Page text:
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The spending to make a movie is often described as the "budget". For example, Star Wars: Rogue One is given out as having had a "budget" of $200 million.

In my company a budget is not what we spend. It is what we plan to spend the next year. What we actually end up spending is usually different than what we budgeted to spend.

In movie making parlance is the "budget" what the producers planned to spend on production costs before production started, or is it a figure that approximates what they actually spent on production?

(Note: I am not referring in any way to marketing, print, digital, or any other costs. I am talking only about PRODUCTION costs.)

  • I thought the title was a little ambiguous, so I edited it to something else. Feel free to revert it if you like. – Thunderforge Jan 5 '17 at 4:35
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Budgets in movie speak are actually assumptions by critics based on public remarks made by production or insider information. Movie studios rarely release actual budgets or actual expenditures as public information. It is treated like trade secrets.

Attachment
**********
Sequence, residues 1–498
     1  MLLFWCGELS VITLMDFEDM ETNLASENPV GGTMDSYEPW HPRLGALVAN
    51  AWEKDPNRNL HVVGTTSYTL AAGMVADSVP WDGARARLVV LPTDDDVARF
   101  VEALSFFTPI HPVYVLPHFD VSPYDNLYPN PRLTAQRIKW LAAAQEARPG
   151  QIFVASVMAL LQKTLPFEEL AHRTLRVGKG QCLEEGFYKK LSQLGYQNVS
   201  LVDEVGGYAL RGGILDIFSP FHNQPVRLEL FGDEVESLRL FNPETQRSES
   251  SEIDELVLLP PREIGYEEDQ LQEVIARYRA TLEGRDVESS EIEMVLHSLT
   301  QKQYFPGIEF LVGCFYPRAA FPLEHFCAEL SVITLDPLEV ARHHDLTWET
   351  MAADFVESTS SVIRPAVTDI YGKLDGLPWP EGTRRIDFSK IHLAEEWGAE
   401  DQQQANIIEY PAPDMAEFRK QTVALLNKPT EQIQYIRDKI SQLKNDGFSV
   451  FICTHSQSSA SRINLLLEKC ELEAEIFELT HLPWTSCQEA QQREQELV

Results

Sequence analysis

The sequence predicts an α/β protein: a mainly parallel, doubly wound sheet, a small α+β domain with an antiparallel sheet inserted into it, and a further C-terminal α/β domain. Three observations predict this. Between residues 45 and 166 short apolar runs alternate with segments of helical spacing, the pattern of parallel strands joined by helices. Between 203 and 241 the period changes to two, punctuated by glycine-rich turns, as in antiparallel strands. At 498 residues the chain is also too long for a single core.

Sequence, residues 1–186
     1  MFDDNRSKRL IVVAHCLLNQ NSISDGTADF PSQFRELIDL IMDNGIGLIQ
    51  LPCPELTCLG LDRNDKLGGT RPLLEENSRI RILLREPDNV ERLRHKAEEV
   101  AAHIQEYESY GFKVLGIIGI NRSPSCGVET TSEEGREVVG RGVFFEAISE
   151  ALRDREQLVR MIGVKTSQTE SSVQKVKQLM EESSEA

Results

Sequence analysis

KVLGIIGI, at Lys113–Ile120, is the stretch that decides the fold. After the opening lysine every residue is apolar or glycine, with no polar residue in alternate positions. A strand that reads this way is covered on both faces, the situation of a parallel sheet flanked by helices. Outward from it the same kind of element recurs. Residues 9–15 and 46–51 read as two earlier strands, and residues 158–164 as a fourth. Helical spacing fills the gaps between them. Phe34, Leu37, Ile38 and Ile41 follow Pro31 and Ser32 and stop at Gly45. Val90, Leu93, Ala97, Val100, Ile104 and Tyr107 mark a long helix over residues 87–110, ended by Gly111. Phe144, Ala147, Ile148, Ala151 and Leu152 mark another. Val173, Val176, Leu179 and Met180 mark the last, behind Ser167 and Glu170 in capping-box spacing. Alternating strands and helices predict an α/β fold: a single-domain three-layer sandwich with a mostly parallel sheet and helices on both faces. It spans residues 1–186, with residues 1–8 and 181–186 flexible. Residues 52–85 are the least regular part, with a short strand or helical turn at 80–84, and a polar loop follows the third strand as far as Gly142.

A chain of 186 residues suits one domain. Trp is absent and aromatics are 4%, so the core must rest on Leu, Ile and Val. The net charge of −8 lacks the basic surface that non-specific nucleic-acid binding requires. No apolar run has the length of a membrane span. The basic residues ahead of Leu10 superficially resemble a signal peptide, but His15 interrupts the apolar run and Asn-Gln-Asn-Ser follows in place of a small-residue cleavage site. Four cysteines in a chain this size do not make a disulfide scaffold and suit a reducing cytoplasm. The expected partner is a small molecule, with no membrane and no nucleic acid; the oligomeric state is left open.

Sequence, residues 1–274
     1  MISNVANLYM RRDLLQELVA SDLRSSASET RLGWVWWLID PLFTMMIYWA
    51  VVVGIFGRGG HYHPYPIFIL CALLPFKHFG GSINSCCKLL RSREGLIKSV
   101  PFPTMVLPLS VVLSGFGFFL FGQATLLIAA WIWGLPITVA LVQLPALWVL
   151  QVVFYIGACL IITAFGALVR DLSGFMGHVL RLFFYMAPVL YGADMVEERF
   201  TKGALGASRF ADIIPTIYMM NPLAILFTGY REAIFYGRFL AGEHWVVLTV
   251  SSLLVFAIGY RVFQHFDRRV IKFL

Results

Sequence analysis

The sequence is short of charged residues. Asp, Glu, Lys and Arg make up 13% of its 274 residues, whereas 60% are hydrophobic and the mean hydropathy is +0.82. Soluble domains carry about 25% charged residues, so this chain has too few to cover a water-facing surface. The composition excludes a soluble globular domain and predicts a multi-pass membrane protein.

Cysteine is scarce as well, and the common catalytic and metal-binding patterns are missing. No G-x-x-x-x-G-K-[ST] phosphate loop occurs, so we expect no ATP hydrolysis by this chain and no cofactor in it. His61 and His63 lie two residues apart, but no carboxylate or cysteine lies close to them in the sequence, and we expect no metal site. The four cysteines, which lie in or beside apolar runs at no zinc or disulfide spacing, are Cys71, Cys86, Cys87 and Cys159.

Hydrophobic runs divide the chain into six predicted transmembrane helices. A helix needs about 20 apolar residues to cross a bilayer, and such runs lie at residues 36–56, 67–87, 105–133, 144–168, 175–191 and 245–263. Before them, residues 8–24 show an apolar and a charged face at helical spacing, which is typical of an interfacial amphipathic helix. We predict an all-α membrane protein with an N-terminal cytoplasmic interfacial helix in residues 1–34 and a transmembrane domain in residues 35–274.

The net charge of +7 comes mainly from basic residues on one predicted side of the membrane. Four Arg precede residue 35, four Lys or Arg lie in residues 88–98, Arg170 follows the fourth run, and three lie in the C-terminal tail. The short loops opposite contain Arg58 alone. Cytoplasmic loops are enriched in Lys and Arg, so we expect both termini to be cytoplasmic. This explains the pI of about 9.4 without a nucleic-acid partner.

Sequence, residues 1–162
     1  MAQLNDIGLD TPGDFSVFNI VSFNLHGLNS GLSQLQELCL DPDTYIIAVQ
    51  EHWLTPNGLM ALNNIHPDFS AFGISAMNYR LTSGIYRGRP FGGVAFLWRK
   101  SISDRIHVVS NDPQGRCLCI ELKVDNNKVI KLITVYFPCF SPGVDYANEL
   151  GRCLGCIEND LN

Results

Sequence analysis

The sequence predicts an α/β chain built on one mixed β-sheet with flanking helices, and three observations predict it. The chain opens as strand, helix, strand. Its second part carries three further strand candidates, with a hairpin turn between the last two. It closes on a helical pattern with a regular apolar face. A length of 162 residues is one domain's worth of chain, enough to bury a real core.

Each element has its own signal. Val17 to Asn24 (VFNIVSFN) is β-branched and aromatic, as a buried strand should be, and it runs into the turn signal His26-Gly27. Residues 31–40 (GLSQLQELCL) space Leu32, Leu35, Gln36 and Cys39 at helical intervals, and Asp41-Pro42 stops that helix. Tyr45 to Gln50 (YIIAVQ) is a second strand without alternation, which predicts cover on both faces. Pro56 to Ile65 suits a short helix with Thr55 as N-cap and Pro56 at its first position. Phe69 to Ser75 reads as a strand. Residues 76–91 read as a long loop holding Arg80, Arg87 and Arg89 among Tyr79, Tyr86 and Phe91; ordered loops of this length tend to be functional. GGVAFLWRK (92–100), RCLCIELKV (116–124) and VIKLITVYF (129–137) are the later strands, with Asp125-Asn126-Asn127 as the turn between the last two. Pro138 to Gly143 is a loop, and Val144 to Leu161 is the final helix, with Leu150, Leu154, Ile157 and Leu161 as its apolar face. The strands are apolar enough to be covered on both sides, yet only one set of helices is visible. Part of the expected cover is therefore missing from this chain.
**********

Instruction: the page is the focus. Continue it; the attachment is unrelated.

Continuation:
• That is pretty interesting, so you are saying that the "budget" values I see on wikipedia and movie information sites are just rumors with no specific indication of whether they are budget numbers or actuals? – Tyler Durden Jan 5 '17 at 2:27
  • @tylerdurden yes. – cde Jan 5 '17 at 2:28
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    And because actual production spending is not definitively known (along with other non-production costs), we get Hollywood accounting. Return of the Jedi has ostensibly never made a profit, despite having earned over fourteen times more than its production cost. – Thunderforge Jan 5 '17 at 4:39
  • Interesting, so Rouge One probs cost 20 bucks to make :P – Daedric Jan 5 '17 at 7:43
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A movie or tv budget can include everything from actual production costs to salaries and insurance. So when you hear the latest Avengers movie costs (x) Billion to make and it sounds like an insane figure, you have to realise that a lot of that budget is for hiring AAA actors and actresses and insuring them (which is necessary in a franchise as the unfortunate deaths of Phillip Seymour Hoffman and Carrie Fischer have proven).

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